I have always been a slow reader. Even back in high school, when I ate big books for dinner and asked for another for dessert, they always took me awhile. The Elfstone Series by Terry Brooks, White Gold Wielder by Stephen R. Donaldson, The Stand by Stephen King, The Queen of the Damned by Anne Rice, all took me a few weeks. Even with school, a part-time Mickey D’s job, and various band and theater obligations, I always had time to read at a languid pace.
Then college came, and my slow reading really truly became a handicap. So. Much. Reading. Cliff notes became my best buddies. The amount and the density of what I had to read took its toll.
And then the kid came, then the job, then another kid.
I stopped reading for pleasure. I stopped doing anything for pleasures so I could manage my single household without falling from the cliffs of insanity. I survived and pressed forward until one night in my mid-twenties, I picked up an old Star Wars novelization Children of the Jedi by Barbara Hambly and started reading. I read, and read, and read all night. I had forgotten how good it was to lose myself in a story. Not long after that, I had my why-am-I-not-a-writer-yet-it’s-my-destiny epiphany.
Books flowed into my life again, everything from YA (the Hunger Games) to the latest, steamy Harlequin (the Italian Count’s Virgin). I devoured them like chocolate chip cookies at a fat camp. Then I tried to dip back into my first love–doorstop books. I read the epic fantasy Wizard’s First Rule by Terry Goodkind. It was great, but my slow reading coupled with a Doctor Who addition split my focus. Three months later, I finished.
Three months is not fast enough. As a writer, I need to keep up with the market and know what is selling. More, I want to read.
My oldest daughter suggested Game of Thrones and I was hesitant. The series consisted of giant books and a lot of them. Then I saw a few snippets from the HBO series and intrigue sucked me in.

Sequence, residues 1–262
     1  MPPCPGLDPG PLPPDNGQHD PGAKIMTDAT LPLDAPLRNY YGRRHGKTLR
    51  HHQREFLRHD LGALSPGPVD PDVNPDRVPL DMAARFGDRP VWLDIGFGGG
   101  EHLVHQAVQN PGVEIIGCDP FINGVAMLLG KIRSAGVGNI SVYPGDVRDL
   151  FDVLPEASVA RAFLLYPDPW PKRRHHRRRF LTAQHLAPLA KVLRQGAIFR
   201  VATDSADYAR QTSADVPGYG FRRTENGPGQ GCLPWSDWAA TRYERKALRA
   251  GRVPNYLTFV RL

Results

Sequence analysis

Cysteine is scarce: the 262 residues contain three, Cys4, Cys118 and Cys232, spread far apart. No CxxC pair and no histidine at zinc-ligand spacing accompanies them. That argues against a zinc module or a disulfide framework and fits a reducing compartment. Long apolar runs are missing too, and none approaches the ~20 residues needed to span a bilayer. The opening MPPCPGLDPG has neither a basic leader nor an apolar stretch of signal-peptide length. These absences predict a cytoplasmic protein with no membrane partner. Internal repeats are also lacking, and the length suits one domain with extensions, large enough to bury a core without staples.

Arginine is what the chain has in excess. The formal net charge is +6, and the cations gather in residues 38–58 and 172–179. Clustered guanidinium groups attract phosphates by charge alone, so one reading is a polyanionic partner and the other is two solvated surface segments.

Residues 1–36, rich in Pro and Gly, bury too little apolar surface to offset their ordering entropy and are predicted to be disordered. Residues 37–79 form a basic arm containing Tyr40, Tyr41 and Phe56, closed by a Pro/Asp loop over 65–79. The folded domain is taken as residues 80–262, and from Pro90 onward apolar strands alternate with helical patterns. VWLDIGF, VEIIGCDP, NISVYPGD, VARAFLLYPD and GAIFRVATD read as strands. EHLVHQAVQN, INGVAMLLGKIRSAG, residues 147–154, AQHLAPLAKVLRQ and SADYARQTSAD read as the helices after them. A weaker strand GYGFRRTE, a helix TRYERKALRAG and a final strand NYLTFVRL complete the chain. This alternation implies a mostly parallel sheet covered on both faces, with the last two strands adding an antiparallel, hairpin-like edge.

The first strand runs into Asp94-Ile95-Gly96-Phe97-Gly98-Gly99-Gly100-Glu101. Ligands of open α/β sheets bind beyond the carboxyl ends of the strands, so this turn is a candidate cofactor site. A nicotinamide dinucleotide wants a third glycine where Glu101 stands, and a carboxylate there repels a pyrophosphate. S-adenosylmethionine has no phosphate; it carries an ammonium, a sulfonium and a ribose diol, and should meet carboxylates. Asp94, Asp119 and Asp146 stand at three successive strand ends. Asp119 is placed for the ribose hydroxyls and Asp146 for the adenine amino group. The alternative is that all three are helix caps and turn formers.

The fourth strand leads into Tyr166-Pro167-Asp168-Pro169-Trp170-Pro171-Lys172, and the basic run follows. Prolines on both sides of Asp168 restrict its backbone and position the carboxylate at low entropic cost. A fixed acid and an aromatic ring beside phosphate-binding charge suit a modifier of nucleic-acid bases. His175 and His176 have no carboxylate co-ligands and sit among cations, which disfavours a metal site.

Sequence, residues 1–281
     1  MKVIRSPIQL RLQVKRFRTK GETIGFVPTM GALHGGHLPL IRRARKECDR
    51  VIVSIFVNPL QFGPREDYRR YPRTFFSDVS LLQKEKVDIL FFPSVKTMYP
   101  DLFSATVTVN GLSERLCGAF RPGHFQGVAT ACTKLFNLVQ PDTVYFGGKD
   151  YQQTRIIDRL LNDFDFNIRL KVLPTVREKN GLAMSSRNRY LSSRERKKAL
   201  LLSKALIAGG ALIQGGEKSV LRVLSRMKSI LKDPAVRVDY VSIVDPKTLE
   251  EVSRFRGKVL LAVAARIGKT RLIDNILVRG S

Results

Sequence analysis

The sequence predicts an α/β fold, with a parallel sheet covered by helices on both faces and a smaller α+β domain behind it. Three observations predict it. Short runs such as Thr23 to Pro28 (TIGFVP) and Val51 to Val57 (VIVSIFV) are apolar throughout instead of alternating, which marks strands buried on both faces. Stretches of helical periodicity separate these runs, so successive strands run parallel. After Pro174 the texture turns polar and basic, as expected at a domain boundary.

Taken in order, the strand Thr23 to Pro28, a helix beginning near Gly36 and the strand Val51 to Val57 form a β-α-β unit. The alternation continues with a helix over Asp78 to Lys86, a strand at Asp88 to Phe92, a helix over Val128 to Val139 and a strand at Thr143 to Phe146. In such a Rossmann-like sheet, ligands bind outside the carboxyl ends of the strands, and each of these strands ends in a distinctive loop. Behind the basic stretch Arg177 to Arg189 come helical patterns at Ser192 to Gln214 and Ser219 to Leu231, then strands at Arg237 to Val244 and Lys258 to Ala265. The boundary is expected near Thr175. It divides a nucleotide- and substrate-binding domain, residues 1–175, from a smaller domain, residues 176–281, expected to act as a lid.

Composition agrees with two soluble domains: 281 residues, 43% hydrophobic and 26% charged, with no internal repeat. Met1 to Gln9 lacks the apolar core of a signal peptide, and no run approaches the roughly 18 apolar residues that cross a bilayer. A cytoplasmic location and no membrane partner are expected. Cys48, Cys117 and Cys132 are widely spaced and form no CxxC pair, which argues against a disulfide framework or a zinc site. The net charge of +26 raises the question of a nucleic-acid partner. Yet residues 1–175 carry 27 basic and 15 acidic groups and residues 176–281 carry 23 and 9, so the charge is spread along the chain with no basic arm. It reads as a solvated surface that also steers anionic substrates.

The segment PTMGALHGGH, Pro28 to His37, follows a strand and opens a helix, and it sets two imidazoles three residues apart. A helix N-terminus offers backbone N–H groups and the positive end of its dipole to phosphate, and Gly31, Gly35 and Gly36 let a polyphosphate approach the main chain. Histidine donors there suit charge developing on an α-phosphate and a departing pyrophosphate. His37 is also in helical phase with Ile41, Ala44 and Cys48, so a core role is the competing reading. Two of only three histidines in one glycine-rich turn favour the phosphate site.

I loved it. The characters! The story! The random death! No one was safe. But the book was so dense, so layer, with so many points of view I got bogged down.
Another crippling habit I have, as a writer I want to stop and analyze why something is great, a turn of a phrase, a plot twist, a character arc and there is much to admire in GOT.
In the end, I plod along. I read some GOT, then take a break and read a short quick book, then more GOT. I should finish sometime after good ole George finally finishes the series, and that’s ok. I try to avoid internet spoilers but I have a feeling more of my favorite characters will die.
As a writer, I have to read.
As a reader, I want to read.
Here are some methods I have found help me to reading more:
-Make extra blocks of time, lunch at work, a coffee break, a dentist appointment waiting room
-Always have a book with you
-Plan to write a review on your blog and Goodreads
-Join your library’s summer reading program (some have prizes even for the adults)
-Dedicate a half an hour before bed to reading
-Audio books (I’m a bit hesitant to make this suggestion. Some books do not translate well to audio and I find the experience vastly different from reading. But I have to say, the Harry Potter books sound absolutely brilliant on audio book).
These tips won’t speed up your reading but they did help make it a priority in my life. What are some of the ways that you fit reading into your day? For every comment you leave, I will finish another book this year. (even *gasp* a Game of Thrones whooper.)